Also, I was really amazed at the diversity of the participants — everyone from a performer to educators, and people from not just new media labs but also museums and community organisations. It underlines the fact that what this field needs is people from many different disciplines working together, from research to content generation, from software development to testing and evalution. Mobile storytelling needs interdisciplinary teams, with members who can talk to each other.

From Community to Heritage

What was the initial motivation for your work in mobile storytelling?

When I was writing my thesis in Barcelona, on the work of media artist Antonio Muntadas, I became interested in the idea of empowering communities through storytelling. A lot of inspiration came from the geography of Barcelona itself — both the old Gothic quarter, which got me thinking about all the hidden stories, the things that the tourists don’t see, and also the area across from the Ramblas, where I lived. Whole streets were being torn down in my neighbourhood, and posters were appearing, asking: "Where have your neighbours gone?" The new Ramblas is of course very interesting architecturally, but it’s cold — the fabric of social life is missing. Ultimately, it’s people, the social fabric, that make a place unique, and these people express their shared reality through stories. So I had the idea of filming all the stories of the people who had once lived in the Ramblas, and projecting them onto the new buildings — which, incidentally, is a project I haven’t done yet, though I’d still like to. But it was a starting point for thinking about location and people, and the stories that connect them. Then I did my first story project, Weirdview, as part of my Master’s degree in Dublin, looking at the memories of a small community called Weirview.

How has your original idea of recording ‘the fabric of social life’ developed?

From Weirdview, which was a collection of screen-based stories, I moved on to HopStory, where the story is actually embedded in the building, and experienced as people move around it; so this is playing with narrative, or creating a narrative through physical navigation. Then with The Liberties, which was completed and evaluated last year, the stories are distributed throughout a historic district in Dublin, so this project is very much exploring the ways in which tourism and heritage can be supported by mobile storytelling content. Now I’m talking to people doing projects in museums, education, entertainment, and a digital tour guide for Ghent. The applications are quite wide, especially in the heritage area.

What can mobile storytelling offer to heritage organisations?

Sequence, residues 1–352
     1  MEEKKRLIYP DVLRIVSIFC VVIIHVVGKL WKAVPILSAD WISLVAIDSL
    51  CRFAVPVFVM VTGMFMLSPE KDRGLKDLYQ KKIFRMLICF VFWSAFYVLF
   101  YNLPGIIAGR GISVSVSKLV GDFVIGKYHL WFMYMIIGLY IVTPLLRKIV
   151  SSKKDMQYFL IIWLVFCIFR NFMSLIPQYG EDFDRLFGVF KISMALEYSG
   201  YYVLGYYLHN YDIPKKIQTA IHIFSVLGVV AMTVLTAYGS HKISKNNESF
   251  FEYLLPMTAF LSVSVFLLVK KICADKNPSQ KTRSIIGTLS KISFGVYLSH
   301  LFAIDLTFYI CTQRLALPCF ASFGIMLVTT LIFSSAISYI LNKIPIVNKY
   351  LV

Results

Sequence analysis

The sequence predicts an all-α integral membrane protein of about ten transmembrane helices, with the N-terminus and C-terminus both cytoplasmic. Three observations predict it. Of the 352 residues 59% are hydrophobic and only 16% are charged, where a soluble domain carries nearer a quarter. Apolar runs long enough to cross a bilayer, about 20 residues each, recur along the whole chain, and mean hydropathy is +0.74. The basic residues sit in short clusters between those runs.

I think a more immediate and compelling experience for visitors. Tour guides and museum content already exist of course, but they tend to be very information based. The information is meant to contextualize the objects or sites, but often what happens is that there’s too much information about what I call ‘dead’ aspects of the object, general or very specialised information that doesn’t really link to the life of an object in a personal way. So, for example, you might be looking at a milk jug from 1600 in a museum, and there might be lots of information on the glaze, the pattern, and so on, but this is probably pretty boring unless you’re an expert in ceramics. It’s the great dilemma of the modern age. We have more information than we know how to use, but the big question is how to filter it, so that people can connect to it in a meaningful way. Stories can be an alternative way of communicating information, in a personalised fashion.

Do you mean ‘personalised’ in terms of the object, or the people looking at the object?

Of course, museums can collect users’ characteristics and tailor the information to different people’s preferences, rather on the Gmail model, and I’ve no doubt that we will move towards that. But I mean in terms of the ‘personal’ grassroots history of the object. In terms of our milk jug, I’d like to hear stories about the process of making it — where the clay was found, how it was transported, how it was modelled, how it was sold.

Is it an issue whether a story is fiction, or fact?

I think that stories are inevitably crafted and shaped to fit people’s personalities. People very much transform the facts when they tell stories. But usually, we don’t know if a story is literally true or not. For example, one story from the Liberties project told of a family that had so many babies, that they put them to bed in a chest of drawers. We have no way of checking if this is true or not, but it doesn’t really matter. As a story, it brings the place to life. It tells us a lot about the reality of the time, whether it’s fact or fiction, and it gives an atmosphere that plain facts don’t have.